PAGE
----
Religiousness in Yoga Study Guide: Chapter Sixteen Theory

TKV Desikachar teaching at Gaunts House

‘Religiousness in Yoga: Lectures on Theory and Practice’ by the University Press of America,
a transcript of recordings of a one month Yoga Programme in Colgate University in 1976, published in 1980.

Unlike the later redacted edition, re-published in 1995 as the ‘Heart of Yoga: Developing a Personal Practice’, it captures the evolution of the retreat with the days lectures and Q & A dialogues as they alternated between ‘lectures on the principles and purposes of Yoga and discussions related to the practice of Yoga with special reference to the postures and the breathing techniques’.

TKV Desikachar, in his forward to the original version wrote:

“These lectures and discussions, printed words put before persons I might never meet,
are but reflections of that deeper result that grew out of a living face-to-face encounter.
Coming to learn of Yoga only through reading leaves much to be desired.
Yet, something worthwhile about Yoga might be shared through the medium of the printed word.”

A chapter by chapter Study guide is offered below with added verse and word cross-references where possible to support a a deeper linking with the teachings within these lectures and Q & A sessions.

Chapter 16 Theory: A Session for Questions Pages 221-235

1. Question on when there is difficulty P221

  • In Yoga terms if we have Duḥkha, something is behind it – Yoga Sūtra II 15
  • I do something that will make the mind a little clearer
  • Something that was acute might become less acute

2. Question on being hardest to sit or be quiet when in the grip of a problem P222

  • In the beginning this is true
  • We need both incidental solutions and continual progress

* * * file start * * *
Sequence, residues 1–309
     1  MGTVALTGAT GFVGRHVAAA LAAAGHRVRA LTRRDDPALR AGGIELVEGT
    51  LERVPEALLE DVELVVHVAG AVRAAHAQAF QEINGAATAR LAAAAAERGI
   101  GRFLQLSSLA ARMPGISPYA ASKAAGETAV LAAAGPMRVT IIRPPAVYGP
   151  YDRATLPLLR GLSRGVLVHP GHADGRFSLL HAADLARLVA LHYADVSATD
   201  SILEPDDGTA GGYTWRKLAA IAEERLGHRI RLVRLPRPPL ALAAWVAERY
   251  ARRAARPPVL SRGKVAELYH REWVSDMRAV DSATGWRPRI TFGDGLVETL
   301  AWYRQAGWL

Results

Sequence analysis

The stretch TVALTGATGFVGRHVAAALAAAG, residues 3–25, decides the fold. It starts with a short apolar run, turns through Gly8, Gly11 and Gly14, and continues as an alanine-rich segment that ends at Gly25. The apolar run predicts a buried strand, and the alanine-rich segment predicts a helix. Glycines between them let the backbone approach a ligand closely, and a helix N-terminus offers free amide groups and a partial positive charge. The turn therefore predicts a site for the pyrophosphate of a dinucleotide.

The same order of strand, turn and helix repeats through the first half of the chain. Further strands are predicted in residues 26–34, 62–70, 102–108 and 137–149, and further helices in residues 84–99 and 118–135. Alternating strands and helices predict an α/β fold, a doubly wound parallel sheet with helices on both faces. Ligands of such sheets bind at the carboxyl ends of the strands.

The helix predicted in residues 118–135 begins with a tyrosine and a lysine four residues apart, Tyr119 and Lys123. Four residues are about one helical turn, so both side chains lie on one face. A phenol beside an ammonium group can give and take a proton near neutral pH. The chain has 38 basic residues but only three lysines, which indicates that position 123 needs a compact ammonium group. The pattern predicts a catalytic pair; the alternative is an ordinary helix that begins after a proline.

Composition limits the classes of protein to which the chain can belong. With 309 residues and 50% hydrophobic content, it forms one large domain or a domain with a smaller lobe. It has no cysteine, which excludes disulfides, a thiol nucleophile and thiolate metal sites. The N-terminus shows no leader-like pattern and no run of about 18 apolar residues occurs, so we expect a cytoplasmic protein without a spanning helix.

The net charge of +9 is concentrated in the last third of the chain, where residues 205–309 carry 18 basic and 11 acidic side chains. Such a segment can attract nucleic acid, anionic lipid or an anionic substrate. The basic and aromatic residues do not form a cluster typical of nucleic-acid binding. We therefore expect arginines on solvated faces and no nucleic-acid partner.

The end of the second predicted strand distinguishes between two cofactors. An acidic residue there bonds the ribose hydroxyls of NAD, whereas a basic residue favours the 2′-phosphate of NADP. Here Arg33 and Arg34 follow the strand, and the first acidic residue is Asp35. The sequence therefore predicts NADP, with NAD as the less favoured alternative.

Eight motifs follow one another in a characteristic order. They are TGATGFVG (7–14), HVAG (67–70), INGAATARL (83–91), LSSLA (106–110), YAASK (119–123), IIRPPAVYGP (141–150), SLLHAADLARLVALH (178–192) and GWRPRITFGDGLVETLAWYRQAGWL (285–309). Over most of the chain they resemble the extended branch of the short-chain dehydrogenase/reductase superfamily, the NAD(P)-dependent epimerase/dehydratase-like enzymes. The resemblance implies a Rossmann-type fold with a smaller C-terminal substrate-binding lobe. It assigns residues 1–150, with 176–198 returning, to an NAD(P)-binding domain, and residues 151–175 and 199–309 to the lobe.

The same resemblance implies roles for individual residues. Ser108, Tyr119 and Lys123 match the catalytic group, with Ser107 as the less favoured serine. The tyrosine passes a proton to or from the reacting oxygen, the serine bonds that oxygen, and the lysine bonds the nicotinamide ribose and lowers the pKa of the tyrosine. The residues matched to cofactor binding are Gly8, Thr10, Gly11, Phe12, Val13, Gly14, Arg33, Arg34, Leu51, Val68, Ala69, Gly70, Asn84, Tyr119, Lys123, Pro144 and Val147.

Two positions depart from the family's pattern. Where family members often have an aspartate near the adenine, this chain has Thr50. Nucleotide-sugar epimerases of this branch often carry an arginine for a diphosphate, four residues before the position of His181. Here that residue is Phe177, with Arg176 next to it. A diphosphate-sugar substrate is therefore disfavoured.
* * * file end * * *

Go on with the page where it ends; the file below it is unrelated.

• From the perspective of Pariṇāma Vāda, of Yoga, the mind is always changing

3. Question on what it means to trace Avidyā back to its origin P223-224

4. Question around obstacles that get in the way P224

  • What we need is greater effort to go in a particular direction – Yoga Sūtra I 14
  • That’s why, once is a while, its good to go to our teachers
  • Another solution is just to fully accept what happens
  • I feel the first one is better than the second

5. Question on Īśvara and truth P224-225

6. Question on Īśvara and control P225-226

7. Question on creation as having three parts P226

8. Question on Detachment P226-227

9. Question on Dhāraṇā on Īśvara P227-228

10. Question on relationship of Dhāraṇā and Dhyāna P228-229

11. Question on Dhāraṇā and Asmitā P229

12. Question on Dhyāna and Asmitā P229

13. Question on choosing an object of Meditation which doesn’t have mystery P229-231

  • Mystery is always present
  • It can be found in anything provided we seek it

14. Question on Dhāraṇā and Dhyāna just happening P231

  • “Happens” does not infer that we simply do nothing
  • We have to try. We must try

15. Question on scriptures saying sef-denial is good for us P231-233

  • If we don’t eat meat and we don’t worry about it, it is alright
  • But if we say I didn’t eat meat and it causes an even stronger feeling about the self
  • Is it alright to follow a practice where we combine different convictions, principles and concepts?
  • If a person has the capacity and means to integrate these things

16. Question on self-inquiry and “false self” P233-234

  • The point of self-inquiry is to lead ourselves beyond the “I”
  • How can we discriminate between the real and the non-real – Yoga Sūtra II 5

17. Question on what happens to the Puruṣa when the body dies P234

  • We don’t have the answer in the Yoga Sūtra
  • It does mention fear is present because man has died – Yoga Sūtra II 9
  • I don’t know because I am answering your question without direct experience

18. Question on Dreams as a means of overcoming obstacles P234

Follow this link for a Downloadable PDF version of the Chapter Sixteen Study Guide

Follow this Link for Downloadable PDF’s of all the Previous Chapters

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